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The incidence of gastric adenocarcinoma in the East is much higher than in the West; the main etiology is Helicobacter pylori (H. pylori) infection. However, in Japan esophageal adenocarcinoma accounts for only 4.3% of all cases of esophageal cancer, which is a rather low proportion compared to the West.1 Although the high prevalence of H. pylori infection has contributed to a decrease in the risk of esophageal adenocarcinoma in the East, decreased prevalence of H. pylori infection and increased incidence of obesity have gradually increased the incidence of esophagogastric junction (EGJ) cancer in recent years.2 Treatment for EGJ cancer requires special attention to surgical technique, in particular to lymph node dissection. Although surgery is the most effective curative treatment for EGJ cancer, the proportion of R1 or R2 resections is comparatively high. Even after R0 resection, the recurrence rate is high. To improve the R0 resection rate and long-term outcomes, perioperative treatment has been attempted. In this section, we outline the Eastern perspective on the surgical approach and perioperative therapy for EGJ cancer.


The surgical approach for EGJ cancer is mainly based on tumor histology and location. Adenocarcinomas located around the EGJ are usually classified into three categories according to the Siewert system based on their epicenter.3 Mediastinal dissection via a right thoracotomy is usually used to treat Siewert type I adenocarcinomas based on the results of a Dutch randomized controlled trial (RCT).4 Lymph node dissection including the upper mediastinum is often performed in Japan because Siewert type I adenocarcinomas can sometimes metastasize to the upper mediastinal lymph nodes.5,6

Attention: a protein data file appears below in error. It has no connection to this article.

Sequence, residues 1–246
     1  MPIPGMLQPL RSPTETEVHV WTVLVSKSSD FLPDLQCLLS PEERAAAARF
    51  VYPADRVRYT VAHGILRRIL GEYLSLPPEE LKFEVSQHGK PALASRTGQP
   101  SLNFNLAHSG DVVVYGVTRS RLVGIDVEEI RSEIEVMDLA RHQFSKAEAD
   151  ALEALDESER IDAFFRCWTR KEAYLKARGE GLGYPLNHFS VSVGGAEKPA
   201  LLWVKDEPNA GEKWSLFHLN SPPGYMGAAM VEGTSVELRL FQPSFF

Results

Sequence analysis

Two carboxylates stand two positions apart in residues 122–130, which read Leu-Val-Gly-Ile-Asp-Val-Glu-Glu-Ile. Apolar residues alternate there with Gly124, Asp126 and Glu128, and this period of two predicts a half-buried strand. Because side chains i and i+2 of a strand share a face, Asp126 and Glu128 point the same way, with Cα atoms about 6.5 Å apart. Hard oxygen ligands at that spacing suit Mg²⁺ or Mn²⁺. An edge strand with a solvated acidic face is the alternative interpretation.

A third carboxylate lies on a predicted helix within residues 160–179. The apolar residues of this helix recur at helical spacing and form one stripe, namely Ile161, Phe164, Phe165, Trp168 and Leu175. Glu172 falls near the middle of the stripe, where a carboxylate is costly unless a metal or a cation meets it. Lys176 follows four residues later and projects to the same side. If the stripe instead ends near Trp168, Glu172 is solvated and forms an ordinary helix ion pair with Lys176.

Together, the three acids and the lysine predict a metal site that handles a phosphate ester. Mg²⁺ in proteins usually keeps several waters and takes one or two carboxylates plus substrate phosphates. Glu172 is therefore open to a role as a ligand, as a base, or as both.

A Japanese RCT compared the left transthoracic and transhiatal approaches for mainly Siewert type II and III adenocarcinomas.7,8 This study demonstrated that there was no survival benefit and higher morbidity associated with the transthoracic approach. The transthoracic approach was also associated with more weight loss, postoperative symptoms, and respiratory dysfunction compared to the transhiatal approach.9 Subgroup analysis showed no survival benefit for Siewert type II patients who underwent the transthoracic approach. The transhiatal approach was associated with better survival than the transthoracic approach for Siewert type III patients. Based on the results of this trial, transhiatal resection of the distal esophagus with lymph node dissection of the lower mediastinum is recommended for Siewert type II or III adenocarcinoma. However, we should keep in mind that this trial excluded patients with esophageal invasion over 3 cm because it is difficult to obtain sufficient margins using the transhiatal approach if the tumor has invaded the distal esophagus 3 cm beyond the EGJ.

A Japanese multicenter retrospective study of 315 patients with pT2–T4 Siewert type II adenocarcinoma reported that the overall rate of metastasis or recurrence in the upper and middle mediastinal lymph nodes was 3.8% and 7.0%, respectively.10 The 5-year overall survival rate in patients with ...

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